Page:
Charles Forsberg is a professor at the Massachusetts Institute of Technology and the Executive Director for the MIT Nuclear Fuel Cycle Study. Before joining MIT he was a Corporate Fellow at Oak Ridge National Laboratory (ORNL). He is a Fellow of the American Nuclear Society and the American Association for the Advancement of Science. Dr. Forsberg received the 2002 American Nuclear Society Special Award for Innovative Nuclear Reactors, and in 2005 the American Institute of Chemical Engineers Robert E. Wilson Award in recognition of chemical engineering contributions to nuclear energy, including his work on reprocessing, waste management, repositories, and production of liquid fuels using nuclear energy. He holds 10 patents and has published more than 250 papers. Dr. Forsberg’s current research interests include development of integrated nuclear fuel cycles, advanced high-temperature nuclear reactors using liquid-salt coolants, and development of global nuclear-renewables energy systems. The characteristics of each of these areas are the coupling of different technologies to enhance performance or create new capabilities. He is a licensed, professional engineer.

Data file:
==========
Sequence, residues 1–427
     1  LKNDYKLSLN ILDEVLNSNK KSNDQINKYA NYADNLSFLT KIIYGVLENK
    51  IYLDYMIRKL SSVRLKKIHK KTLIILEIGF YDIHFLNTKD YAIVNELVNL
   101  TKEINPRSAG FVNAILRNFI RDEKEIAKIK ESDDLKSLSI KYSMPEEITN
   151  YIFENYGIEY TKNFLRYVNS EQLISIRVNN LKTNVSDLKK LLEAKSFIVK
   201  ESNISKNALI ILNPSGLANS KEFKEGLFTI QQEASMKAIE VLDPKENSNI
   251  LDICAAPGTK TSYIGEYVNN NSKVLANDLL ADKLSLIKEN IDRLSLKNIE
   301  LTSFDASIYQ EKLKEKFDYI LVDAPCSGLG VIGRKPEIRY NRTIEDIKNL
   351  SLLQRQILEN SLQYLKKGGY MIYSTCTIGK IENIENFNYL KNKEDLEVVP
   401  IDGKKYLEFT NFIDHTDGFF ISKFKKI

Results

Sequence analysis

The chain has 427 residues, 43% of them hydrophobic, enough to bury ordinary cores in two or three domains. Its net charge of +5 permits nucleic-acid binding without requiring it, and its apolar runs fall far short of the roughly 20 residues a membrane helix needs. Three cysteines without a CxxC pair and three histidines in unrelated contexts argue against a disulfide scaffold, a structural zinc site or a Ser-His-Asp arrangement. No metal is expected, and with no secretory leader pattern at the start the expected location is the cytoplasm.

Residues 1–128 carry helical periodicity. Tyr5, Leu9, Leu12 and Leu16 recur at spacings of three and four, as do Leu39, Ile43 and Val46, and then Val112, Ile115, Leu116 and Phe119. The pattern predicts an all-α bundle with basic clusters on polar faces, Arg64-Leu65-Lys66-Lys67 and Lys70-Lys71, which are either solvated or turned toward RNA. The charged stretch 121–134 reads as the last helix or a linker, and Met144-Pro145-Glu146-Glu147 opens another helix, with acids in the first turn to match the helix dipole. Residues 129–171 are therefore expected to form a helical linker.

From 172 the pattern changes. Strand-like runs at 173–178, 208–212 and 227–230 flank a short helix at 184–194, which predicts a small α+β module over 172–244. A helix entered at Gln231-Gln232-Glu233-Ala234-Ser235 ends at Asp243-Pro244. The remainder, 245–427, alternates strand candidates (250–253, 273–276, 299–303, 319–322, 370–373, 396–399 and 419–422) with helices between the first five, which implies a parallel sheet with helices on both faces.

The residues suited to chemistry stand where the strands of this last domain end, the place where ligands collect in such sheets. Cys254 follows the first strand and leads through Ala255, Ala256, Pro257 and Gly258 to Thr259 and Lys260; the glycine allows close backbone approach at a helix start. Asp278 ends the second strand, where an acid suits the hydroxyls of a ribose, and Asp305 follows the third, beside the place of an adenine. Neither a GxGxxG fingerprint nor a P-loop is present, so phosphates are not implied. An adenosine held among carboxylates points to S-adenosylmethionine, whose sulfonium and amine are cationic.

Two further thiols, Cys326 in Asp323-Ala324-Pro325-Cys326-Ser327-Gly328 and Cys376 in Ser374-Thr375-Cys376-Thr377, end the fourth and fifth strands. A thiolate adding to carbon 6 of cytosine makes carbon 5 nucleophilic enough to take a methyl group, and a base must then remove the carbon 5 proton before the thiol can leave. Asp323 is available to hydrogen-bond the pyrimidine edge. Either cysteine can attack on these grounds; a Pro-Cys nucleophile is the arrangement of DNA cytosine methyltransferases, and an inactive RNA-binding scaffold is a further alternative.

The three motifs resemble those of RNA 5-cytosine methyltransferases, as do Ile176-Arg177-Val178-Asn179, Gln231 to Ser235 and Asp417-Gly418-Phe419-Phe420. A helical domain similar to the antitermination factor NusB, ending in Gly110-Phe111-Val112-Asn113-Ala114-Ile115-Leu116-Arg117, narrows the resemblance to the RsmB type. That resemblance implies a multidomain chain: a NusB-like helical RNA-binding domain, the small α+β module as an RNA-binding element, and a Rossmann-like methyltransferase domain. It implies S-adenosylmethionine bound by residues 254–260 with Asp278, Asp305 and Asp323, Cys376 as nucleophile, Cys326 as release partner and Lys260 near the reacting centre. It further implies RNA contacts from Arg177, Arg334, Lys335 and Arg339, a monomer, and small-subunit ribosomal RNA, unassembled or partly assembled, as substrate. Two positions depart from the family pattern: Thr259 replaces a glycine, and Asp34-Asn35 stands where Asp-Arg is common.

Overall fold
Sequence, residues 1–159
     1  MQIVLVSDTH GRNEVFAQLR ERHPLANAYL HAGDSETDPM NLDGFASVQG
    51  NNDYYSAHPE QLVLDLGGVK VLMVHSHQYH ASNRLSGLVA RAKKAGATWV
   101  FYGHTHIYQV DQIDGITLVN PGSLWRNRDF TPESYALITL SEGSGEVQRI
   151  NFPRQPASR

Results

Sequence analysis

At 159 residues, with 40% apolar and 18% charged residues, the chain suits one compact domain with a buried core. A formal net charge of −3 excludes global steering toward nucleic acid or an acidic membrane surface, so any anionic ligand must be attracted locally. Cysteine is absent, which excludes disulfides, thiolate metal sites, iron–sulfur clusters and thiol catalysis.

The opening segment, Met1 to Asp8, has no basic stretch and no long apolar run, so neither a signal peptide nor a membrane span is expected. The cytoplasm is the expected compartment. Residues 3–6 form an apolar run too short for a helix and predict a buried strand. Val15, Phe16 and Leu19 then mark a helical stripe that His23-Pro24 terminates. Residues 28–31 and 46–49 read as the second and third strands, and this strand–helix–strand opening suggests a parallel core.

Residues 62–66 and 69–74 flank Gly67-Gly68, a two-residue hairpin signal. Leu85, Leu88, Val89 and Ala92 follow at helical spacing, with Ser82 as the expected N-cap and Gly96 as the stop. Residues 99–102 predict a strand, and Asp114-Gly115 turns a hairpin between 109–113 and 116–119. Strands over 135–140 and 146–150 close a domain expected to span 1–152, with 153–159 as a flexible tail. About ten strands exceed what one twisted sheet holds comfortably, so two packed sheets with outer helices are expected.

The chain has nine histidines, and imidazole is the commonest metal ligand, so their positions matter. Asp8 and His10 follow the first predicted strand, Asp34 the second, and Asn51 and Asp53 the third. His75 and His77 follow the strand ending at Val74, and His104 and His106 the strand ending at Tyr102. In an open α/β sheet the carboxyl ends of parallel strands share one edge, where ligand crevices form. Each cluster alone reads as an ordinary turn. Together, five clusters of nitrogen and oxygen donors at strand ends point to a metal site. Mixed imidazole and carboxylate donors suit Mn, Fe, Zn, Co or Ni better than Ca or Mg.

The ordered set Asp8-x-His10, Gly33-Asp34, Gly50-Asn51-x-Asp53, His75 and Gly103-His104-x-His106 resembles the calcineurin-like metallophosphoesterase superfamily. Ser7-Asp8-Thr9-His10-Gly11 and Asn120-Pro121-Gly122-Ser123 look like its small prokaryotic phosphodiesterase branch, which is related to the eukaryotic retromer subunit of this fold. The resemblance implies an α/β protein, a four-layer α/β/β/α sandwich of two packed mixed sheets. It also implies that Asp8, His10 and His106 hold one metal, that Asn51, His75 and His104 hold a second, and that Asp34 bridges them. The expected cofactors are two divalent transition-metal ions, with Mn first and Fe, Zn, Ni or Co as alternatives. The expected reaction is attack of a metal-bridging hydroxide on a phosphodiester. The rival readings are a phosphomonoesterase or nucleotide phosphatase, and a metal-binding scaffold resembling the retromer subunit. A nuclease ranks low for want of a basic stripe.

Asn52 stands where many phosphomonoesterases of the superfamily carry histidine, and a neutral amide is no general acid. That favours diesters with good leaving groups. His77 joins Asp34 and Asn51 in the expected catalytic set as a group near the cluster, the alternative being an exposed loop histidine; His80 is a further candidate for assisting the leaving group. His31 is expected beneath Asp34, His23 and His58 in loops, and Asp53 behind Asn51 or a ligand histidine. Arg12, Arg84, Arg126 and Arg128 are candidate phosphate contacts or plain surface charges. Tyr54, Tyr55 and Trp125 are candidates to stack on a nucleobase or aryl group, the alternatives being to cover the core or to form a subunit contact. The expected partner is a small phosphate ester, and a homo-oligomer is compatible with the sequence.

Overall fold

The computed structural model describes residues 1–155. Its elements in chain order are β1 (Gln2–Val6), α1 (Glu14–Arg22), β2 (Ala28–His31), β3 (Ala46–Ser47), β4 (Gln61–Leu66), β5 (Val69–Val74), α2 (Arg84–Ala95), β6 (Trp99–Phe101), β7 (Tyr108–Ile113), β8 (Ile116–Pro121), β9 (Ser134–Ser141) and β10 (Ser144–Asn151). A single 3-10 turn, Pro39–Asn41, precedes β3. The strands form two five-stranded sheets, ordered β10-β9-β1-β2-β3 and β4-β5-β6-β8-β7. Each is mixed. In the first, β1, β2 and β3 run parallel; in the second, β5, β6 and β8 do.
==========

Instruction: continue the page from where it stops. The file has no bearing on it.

William Charlton serves as the director of the Nuclear Security Science and Policy Institute (NSSPI) at Texas A&M University and as an associate professor in the nuclear engineering department. NSSPI is a multi-disciplinary organization that coordinates research and education programs in the area of nuclear nonproliferation, nuclear security, and nuclear material safeguards. NSSPI customers include NNSA (National Nuclear Safety Administration), DOE (Department of Energy), DNDO (Domestic Nuclear Detection Office), NRC (Nuclear Regulatory Commission), and NSF (National Science Foundation). Prior to his appointment at Texas A&M University, he was an assistant professor at the University of Texas at Austin and prior to that served on the technical staff in the Nonproliferation and International Security Division at Los Alamos National Laboratory. He teaches courses which study the technical aspects of nuclear nonproliferation, safeguards, and nuclear security as well as fundamentals of nuclear engineering. Dr. Charlton is recognized as one of the leaders in the technical area of nuclear nonproliferation and has over 150 technical publications in refereed journals and conference proceedings.

Sharon Squassoni serves as director and senior fellow of the Proliferation Prevention Program at the Center for Strategic International Studies (CSIS). Prior to joining CSIS, Ms. Squassoni was a senior associate in the Nuclear Nonproliferation Program at the Carnegie Endowment for International Peace. From 2002 to 2007, Ms. Squassoni advised Congress as a senior specialist in weapons of mass destruction at the Congressional Research Service (CRS), Library of Congress. Before joining CRS, she



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